Travels with Jim follows Jim Huston around the country as he visits with landscapers and helps them understand their numbers to make smarter decisions.
Properly analyzing the data within your company is critical. Most financial reports (and financial analysts) primarily do so by using percentages.
Net profitability margins provide us with a good example. Achieving a 10 percent net profit margin (NPM) after all your bills are paid and you, as the owner, are paid a reasonable salary indicates that your company is doing OK but it could do better. Attaining a 15 percent NPM is excellent and hitting 20 percent is outstanding. However, percentages don’t always tell you the complete story.
How it works in the field.
Many years ago, I was assisting the chief estimator of a landscape installation company in New England prepare his company’s annual budget. After looking at previous budgets and historical data, I didn’t think that he put enough labor dollars (and man-hours) in the budget. He thought that he had. Upon further analysis, it became apparent that he was correct.
The historical data that I had reviewed was from the previous four or five years. During that time, the company’s field productivity had improved 31 percent. Five years prior, the average field man-hour of landscape installation work produced a total revenue of $57. (Calculate this figure by dividing total sales by total field man-hours – not to include subcontractor costs or revenue.)
I refer to this figure as sales per man-hour (SPH). This figure had improved to $75. Interestingly, all of the percentages from five years prior remained the same. Had I just looked at percentages during my analysis, I might have missed the 31 percent productivity improvement. Today, this company’s SPH for its landscape installation crews averages more than $111.
During a similar budgeting exercise with a chemical application company, I saw how just concentrating on percentages could distort the analysis of what was happening in the company. The percentages in the budget that we had prepared showed that field labor increased as did the general and administrative (G&A) overhead costs. However, the NPM percent had decreased slightly. One of the staff members mentioned that he had a budget that we had prepared 14 years earlier. When we took a look at it, you can see what we found in the chart below.
The percentages showed a negative trend in production and the NPM but it showed an increase in the G&A overhead. However, analyzing the same data using a per man-hour basis showed just the opposite in productivity and profitability. It showed a 58 percent increase in productivity and a 100 percent increase in NPM.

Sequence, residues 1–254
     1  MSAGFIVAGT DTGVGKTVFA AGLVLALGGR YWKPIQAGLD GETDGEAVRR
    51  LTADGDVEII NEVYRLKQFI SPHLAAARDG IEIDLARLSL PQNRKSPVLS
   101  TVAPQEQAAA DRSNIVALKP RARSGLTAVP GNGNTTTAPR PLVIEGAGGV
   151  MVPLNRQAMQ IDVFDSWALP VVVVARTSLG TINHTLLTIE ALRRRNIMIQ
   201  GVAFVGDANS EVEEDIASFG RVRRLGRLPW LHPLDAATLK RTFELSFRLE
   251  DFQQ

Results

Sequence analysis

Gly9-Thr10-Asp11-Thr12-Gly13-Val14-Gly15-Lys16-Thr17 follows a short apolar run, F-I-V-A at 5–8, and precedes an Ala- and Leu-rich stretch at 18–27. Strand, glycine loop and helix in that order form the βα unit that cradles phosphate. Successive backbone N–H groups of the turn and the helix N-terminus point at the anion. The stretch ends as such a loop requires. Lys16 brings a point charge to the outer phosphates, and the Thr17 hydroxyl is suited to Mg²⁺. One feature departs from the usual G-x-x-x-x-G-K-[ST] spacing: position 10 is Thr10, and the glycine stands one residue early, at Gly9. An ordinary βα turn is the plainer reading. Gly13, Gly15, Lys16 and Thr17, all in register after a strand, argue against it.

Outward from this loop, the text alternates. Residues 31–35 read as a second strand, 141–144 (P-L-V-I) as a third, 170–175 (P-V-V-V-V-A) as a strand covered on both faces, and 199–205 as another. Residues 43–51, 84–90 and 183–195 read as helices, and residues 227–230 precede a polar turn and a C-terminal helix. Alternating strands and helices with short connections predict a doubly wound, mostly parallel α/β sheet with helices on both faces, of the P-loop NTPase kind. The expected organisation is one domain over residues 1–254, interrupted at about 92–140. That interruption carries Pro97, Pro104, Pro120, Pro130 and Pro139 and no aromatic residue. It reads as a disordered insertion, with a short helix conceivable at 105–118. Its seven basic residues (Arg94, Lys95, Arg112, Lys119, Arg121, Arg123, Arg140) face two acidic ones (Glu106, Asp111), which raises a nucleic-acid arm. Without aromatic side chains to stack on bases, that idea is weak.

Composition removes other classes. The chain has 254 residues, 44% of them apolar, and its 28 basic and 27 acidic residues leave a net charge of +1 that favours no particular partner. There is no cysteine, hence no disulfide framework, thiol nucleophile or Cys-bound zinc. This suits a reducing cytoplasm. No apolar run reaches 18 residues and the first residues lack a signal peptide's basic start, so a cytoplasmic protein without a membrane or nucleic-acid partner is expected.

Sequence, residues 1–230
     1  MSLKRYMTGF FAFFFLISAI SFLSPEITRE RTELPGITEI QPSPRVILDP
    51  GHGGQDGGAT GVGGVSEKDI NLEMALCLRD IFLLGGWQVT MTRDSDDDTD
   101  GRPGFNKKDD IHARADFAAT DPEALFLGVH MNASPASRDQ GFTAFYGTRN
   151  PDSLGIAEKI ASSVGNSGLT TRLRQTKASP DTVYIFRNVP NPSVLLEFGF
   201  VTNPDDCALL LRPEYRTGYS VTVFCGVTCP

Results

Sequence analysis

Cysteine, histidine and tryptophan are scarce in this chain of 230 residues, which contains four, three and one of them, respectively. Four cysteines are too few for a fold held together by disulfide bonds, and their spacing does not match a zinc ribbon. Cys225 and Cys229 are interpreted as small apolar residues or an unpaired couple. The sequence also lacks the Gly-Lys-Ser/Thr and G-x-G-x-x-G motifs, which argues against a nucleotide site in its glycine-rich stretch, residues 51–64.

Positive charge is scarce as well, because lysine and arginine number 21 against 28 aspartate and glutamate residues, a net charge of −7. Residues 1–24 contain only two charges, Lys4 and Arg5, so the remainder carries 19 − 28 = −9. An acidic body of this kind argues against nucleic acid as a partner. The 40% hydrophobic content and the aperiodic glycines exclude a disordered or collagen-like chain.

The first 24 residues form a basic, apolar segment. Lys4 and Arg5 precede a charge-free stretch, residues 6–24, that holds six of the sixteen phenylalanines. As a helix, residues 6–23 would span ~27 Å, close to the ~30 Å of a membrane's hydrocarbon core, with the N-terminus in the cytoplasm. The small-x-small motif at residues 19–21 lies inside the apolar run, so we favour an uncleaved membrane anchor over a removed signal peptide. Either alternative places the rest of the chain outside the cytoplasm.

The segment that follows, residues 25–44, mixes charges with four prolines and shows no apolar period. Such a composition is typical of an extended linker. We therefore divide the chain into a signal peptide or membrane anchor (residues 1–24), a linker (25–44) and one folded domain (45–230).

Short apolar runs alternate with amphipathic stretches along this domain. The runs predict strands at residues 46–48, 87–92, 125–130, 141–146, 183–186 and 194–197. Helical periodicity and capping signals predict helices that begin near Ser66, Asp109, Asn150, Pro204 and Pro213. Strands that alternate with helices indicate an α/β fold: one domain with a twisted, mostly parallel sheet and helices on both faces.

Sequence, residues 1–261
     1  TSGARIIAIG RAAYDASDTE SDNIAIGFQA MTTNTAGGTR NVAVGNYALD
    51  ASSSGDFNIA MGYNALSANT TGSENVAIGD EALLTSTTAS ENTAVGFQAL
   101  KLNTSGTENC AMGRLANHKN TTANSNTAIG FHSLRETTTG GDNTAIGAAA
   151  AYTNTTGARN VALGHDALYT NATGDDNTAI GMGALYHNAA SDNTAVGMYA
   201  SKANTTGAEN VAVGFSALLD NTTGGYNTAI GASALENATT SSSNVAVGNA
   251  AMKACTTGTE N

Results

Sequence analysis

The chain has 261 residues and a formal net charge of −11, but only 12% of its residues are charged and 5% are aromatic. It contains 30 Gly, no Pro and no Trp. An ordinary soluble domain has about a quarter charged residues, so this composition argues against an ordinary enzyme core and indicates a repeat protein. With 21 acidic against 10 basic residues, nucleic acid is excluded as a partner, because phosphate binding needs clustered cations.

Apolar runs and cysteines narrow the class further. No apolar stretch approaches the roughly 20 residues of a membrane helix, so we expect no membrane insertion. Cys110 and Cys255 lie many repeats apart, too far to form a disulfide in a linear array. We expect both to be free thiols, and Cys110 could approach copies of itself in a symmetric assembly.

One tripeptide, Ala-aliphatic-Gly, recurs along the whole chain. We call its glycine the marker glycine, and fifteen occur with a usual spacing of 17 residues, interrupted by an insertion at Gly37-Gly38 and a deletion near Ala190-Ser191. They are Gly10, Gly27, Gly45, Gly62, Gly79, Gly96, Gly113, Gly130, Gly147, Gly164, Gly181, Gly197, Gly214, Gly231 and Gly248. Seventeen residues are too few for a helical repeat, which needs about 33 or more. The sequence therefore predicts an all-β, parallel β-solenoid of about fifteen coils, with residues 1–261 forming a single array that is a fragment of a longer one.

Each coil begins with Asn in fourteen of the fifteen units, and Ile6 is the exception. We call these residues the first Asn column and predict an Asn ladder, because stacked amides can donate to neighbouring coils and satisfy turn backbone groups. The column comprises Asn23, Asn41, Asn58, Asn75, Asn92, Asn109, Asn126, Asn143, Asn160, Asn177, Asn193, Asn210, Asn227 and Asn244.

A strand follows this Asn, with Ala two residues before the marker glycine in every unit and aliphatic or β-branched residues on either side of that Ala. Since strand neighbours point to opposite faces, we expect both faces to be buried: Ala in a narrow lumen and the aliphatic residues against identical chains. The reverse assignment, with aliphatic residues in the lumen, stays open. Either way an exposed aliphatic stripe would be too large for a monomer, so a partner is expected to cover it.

What to analyze.
Here are some critical numbers that I suggest tracking by using the per man-hour analysis method.
- Sales per man-hour (SPH): Divide your division sales (minus subcontractor revenue) by total field man-hours (not to include vacation, holiday and paid time off man-hours)
- Net profit per man-hour (PPH): Divide NPM (before taxes but after depreciation) by total field man-hours
- G&A overhead per man-hour (OPH): Divide G&A overhead costs by total field man-hours
- Gross profit margin per man-hour (GPMPH): Divide GPM by total field man-hours
- Material per hour (MPH): Divide materials cost by total field man-hours
- Equipment per man-hour (EQPH): Divide total equipment and truck costs (include fuel, depreciation, repairs, mechanics, auto and Inland Marine insurances, etc.) by total field man-hours
- Calculate all of these for each of your divisions.
Business owners and their staff need to analyze data within their companies by using tools that provide an accurate and complete picture of what is happening within their businesses. Using only a traditional percentage-based methodology can distort the true picture of what is happening. Also, adding man-hour based analysis to your tool box might provide you with additional insight as to what is or is not happening in your company.